Of course, there’s more to the tour than the thrill of exploring a famous popular attraction with little other than your own impressions in close company. As its name – as well as Harrison’s allusion to air raid shelters – makes clear, ‘Conflict and Conservation’ focuses on a period in the British Museum’s own history that is rarely mentioned amid the ancient artefacts and priceless exhibits: The War – and his dangerous position therein.

Few parts of London escaped German bombardment, and Bloomsbury was no different. The evening of May 10-11, 1941, at the end of the Blitz, was particularly damaging for the British Museum.

the Greek and Roman living roomthe Greek and Roman living room

Bombs damaged the British Museum’s Greek and Roman Life Room, pictured here in 1941 – The British Museum/Trustees of the British Museum

As we wander among the Roman wonders (not least the remarkable bust of Augustus with painted eyes, found at Meroe in Sudan in 1910), Harrison shows us a photo of room 70 after that night of hell – the roof is disappeared, the floor is slippery with water.

By that late point in the Luftwaffe’s attack, most of the museum’s important treasures were safely stored underground – although at least 200,000 irreplaceable manuscripts and medieval texts were lost to fire and flood.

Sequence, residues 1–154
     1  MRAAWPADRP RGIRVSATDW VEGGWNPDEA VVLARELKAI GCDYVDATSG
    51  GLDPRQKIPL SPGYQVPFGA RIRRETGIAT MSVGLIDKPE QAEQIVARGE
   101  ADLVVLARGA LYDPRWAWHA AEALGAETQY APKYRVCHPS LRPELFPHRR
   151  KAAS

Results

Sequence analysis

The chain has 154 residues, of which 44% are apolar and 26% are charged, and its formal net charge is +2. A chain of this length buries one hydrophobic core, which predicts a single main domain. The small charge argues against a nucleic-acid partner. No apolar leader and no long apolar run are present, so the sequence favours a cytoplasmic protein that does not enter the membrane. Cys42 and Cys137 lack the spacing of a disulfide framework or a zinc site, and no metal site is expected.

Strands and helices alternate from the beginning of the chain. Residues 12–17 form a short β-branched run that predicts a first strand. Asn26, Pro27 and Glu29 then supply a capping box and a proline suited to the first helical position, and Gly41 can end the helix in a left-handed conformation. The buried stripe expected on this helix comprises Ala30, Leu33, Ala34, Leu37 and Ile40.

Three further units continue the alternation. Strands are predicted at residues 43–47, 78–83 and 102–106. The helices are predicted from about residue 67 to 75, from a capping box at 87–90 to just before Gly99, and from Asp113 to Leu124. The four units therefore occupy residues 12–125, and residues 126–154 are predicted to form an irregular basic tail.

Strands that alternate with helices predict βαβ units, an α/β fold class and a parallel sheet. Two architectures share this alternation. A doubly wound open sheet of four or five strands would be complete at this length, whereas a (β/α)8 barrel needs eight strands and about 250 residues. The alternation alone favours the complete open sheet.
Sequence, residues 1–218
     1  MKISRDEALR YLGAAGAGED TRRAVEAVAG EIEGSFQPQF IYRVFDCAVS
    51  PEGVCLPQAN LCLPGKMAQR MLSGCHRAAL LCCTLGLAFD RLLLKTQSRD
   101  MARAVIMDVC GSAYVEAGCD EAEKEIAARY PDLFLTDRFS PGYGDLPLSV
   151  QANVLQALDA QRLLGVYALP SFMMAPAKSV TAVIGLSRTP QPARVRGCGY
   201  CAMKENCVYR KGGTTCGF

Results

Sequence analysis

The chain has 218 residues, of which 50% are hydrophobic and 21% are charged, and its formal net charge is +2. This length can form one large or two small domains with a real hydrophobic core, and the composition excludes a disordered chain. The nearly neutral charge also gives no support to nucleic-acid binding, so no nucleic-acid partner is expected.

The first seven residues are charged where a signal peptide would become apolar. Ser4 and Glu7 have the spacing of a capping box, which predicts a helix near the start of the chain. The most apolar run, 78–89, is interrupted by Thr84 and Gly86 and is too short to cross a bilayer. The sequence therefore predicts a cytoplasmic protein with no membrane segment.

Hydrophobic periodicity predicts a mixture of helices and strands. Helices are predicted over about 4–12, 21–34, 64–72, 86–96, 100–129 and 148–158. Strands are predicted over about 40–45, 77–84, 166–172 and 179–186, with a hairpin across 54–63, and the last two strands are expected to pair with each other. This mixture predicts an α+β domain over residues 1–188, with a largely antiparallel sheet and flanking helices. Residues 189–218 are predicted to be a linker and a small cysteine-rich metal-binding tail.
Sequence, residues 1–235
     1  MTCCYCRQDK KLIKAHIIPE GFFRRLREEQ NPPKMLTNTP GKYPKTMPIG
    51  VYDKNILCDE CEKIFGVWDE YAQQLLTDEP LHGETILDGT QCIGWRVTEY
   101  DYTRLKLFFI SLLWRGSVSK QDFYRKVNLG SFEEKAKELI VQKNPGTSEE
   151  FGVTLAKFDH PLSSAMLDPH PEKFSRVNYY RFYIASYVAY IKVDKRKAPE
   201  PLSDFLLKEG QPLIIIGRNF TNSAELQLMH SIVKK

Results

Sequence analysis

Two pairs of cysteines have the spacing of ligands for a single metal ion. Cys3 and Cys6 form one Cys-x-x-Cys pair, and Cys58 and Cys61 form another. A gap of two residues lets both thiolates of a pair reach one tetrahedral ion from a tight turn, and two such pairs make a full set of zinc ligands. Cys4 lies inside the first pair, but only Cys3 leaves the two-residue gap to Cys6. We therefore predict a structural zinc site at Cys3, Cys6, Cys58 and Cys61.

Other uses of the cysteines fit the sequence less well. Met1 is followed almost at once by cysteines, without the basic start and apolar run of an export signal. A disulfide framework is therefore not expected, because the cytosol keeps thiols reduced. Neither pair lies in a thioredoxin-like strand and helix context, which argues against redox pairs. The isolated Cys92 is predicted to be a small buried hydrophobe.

Another perspective is that the institution avoided the worst attacks. One rumor, Harrison adds, is that Hitler had plans for the Senate House – the Art Deco behemoth a block north of the museum – as his potential headquarters in conquered Britain, and that as a result Bloomsbury became less suffered.

Senate HouseSenate House

Rumor has it that Hitler had his eye on the Senate House – Getty Images/iStockphoto

Whatever the truth of this, time itself will not be conquered. We are in room 37 when a beautiful 16th century carillon bell rings the 10am arrival.

Almost immediately, the espresso machine in the adjacent café begins to hum, and a low rumble sounds from the floors below as the crowd files inside. Within minutes the silence evaporates – but the joyful rarity of this special experience stays with me well into the afternoon.

How to do that

The British Museum’s ‘Conflict and Conservation’ tour costs £950, for up to 12 people (from £79 pp; montaguehotel.com/experiences/conflict-and-conservation-tour). Guests must stay at The Montague on the Gardens. Double rooms start at £276.

Leave a Comment